Friday, May 06, 2022, 17:13 Software

The End Of Passwords? Apple, Microsoft, & Google Are All Going Passwordless

Just two years ago, Apple joined the Fast Identity Online (Fido) Alliance, thus solidifying the company's commitment to a future where passwords are unnecessary. Now, Apple, Microsoft, and Google have come together and announced their commitment in cooperating towards a passwordless future. One of the main arguments behind the initiative is that passwords represent a massive security risk. Although passwords do theoretically provide a rather effective manner of protecting one's own data, the manner in which many users seem to go about the whole process represents a massive security risk. Additionally, the need for entire service departments intended to help users combat identity theft, account theft, or unauthorized purchases represents a huge waste of resources for these companies. If users are simply too lazy to create proper, protective passwords, given the data – the move makes perfect sense.

Are Other Measures Possible?
It doesn't matter how many times people are advised against using the same password on multiple platforms and not to use easy to guess chains of letters or numbers – many users still do so anyway. Even for the users who create proper passwords, they can't necessarily be blamed all the time for cycling the same or similar iteration of a password with a few different sites. Sometimes, there are simply too many passwords to keep track of, but if a breach occurs at one company and such a user's password is revealed – it's a big problem.



More Comfort & More Security Required
Instead of passwords, there needs to be a comfortable, yet reasonably safe way for users to access their data – according to Fido. One important way could be PIN codes similar to those found on smartphones in addition to biometric identification. This already exists on Windows to a degree, users can log into newer Windows machines with either a finger print or a code, albeit a password is still necessary for some system features and the two alternatives (PIN or biometric identification) are not used in tandem and are only for bypassing the lock screen. The hardware is there and most machines on the market are capable of it, however, many websites and services still leave lots to wish for and have thus far failed to take advantage of these opportunities. They're not necessarily to blame though either, it would be very complicated to implement these features in the manner that they would need to. Another important aspect to keep in mind is that the new identification process shouldn't cause more work for users, it should simply combine protection with a proven process.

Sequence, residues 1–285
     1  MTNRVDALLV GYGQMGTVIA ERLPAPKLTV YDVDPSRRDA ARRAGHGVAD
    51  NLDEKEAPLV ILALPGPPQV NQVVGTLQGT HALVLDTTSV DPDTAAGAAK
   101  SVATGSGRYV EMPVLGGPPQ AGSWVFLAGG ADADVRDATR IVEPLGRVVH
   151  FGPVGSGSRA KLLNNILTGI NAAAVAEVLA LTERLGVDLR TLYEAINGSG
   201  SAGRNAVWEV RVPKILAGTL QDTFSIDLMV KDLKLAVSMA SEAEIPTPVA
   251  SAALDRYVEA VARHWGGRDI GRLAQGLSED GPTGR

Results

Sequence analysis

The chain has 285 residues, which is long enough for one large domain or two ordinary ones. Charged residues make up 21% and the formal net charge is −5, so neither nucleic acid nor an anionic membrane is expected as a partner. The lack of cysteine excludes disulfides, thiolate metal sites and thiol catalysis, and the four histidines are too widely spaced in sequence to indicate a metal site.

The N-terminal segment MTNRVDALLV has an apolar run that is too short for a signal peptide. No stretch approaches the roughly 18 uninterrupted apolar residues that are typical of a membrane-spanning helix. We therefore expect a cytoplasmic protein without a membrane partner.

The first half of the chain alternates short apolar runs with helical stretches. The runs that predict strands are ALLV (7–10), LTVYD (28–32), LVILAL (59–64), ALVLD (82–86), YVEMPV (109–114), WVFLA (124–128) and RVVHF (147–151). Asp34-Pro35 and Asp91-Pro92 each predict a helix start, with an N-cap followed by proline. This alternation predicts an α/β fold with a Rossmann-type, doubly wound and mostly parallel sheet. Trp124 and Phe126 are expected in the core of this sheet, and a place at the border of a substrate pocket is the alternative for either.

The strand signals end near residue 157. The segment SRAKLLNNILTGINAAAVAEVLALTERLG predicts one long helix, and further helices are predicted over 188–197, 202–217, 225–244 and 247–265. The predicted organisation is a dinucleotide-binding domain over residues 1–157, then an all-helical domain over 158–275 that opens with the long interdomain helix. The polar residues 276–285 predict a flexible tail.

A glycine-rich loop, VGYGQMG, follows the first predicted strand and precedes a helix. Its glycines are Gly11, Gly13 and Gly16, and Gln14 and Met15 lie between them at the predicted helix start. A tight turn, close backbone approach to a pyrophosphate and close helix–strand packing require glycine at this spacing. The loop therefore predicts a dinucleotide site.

Passkey & WebAuthn Standard
At the WWDC in 2021, Apple presented the Passkey function for its Keychain service – the company also showed how it could be used to perform WebAuthn standard logins without a password. However, the interface wasn't available for use until the releases macOS 12.3 and iOS 15.4 and only works with web apps currently. Neither Apple, Google, nor Microsoft have mentioned any further ideas in their statement – however, they have emphasized the need for companies, services, and customers to distance themselves from passwords, especially on the web. After the release of Passkey last year, it's very likely that we'll see something else in a similar direction this year at the WWDC next month.

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